Ten Years of the Harley Davidson V Rod

Posted in: Bikes & Ride Reviews | September 12, 2011


Harley Davidson decided to do something quite unique in 2001 when they introduced the VRSC V Rod line. This was not a recognizable relative of the Softail or Dyna models, and certainly did not bear a resemlance to a Sportster. However, Harley Davidson’s calculated risks are very thoroughly considered, and ten years later it is very safe to say that they have done a lot of things right in the development of the V Rod division.

riders plus vrod motorcycleThe V Rod burst onto the Canadian motorcycle market ten years ago as a Harley totally unlike the ubiquitous Sportsters, Softails and Dynas. This new model was supposed to appeal to the 20 somethings who weren’t drawn to the traditional Harley Davidson models, riders who wanted sleek and fast and cool but didn’t particularly care about plastering chrome all over their ride or paying extra dollars for flashy paint. In other words, Harley Davidson was trying to attract guys who would normally ignore Harley Davidson, and in so doing they intended to enhance and grow the brand. Certainly a big challenge when you consider how clearly defined the Harley Davidson brand is, and how successful it is as well.
As always, however, the homework was done exhaustively, both technically and from a marketing perspective. The results, if you ask most 20 something (and older for that matter) riders, were very successful.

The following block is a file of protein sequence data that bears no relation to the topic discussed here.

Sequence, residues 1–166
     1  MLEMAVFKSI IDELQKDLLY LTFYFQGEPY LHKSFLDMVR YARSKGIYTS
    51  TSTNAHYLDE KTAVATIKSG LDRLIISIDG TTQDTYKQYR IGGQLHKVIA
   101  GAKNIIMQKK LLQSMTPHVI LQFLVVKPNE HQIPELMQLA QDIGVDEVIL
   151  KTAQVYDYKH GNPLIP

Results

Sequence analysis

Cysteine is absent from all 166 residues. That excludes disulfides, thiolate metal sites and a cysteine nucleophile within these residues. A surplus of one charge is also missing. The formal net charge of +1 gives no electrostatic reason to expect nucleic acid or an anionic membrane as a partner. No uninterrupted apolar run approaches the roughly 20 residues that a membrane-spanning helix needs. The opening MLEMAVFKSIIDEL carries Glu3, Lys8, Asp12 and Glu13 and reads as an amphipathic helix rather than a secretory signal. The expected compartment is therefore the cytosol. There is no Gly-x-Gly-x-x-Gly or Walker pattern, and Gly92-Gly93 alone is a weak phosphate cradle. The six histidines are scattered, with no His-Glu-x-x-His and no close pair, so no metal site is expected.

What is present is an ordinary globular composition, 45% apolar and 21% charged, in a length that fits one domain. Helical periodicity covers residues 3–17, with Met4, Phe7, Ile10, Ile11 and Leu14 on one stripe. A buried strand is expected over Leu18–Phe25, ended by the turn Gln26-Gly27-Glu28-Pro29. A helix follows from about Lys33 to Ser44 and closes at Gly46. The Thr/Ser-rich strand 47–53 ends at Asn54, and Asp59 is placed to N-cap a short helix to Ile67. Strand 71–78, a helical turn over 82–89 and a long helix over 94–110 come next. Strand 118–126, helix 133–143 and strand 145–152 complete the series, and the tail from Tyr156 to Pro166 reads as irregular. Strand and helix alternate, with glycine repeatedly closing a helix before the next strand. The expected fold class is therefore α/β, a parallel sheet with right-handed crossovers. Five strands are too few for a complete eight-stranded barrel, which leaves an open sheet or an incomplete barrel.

A liquid cooled engine that did not create the trademark sound was one of the first noticeable changes. This engine was actually developed with Porsche, another inimitable brand name in vehicular design that is irreproachable when it comes to quality engineering. The resultant engine claims 0 to 60 in 3.5 seconds, the quickest production Harley ever with the highest claimed horsepower of any Harley production bike at 115.

Every aspect of the newly engineered product was carefully considered to ensure reliability and performance. The new look of the V Rod was very distinct and didn’t appear to borrow from anything else or imitate anyone else’s models. The gas tank being situated under the seat, for example, is relatively unique among mainline motorcycles in the North American market.
Some predictable – and well considered – moves that made the V Rod a well integrated member of the Harley Davidson stable included the introduction of CVO models and of popular “Night Rod” versions. But Harley Davidson showed that beyond strategically expected moves they can be very creative as well when they introduced the “Destroyer” model. The Destroyer was a limited edition drag racing version of the V Rod, a high performance model with all of the bells and whistles of a dragster. Boldly painted the coroporate black and orange, these bikes were raced in a well defined series of races pitting specific crews against each other. These bikes were not, of course, available to the public. The resultant hype and excitement generated by this bike which was also available for viewing at various motorcycle trade shows was hugely successful.
Even the television ads for the V Rod are aimed at the younger generation. One ad shows a young guy standing and admiring a parked V Rod and, when a girl walks up and compliments the bike, he starts acting like it’s his bike until a different girl walks up and rides away on it. As always, Harley knows how to target their audience, and sales of the V Rod continue to demonstrate that they definitely have a winner once again.

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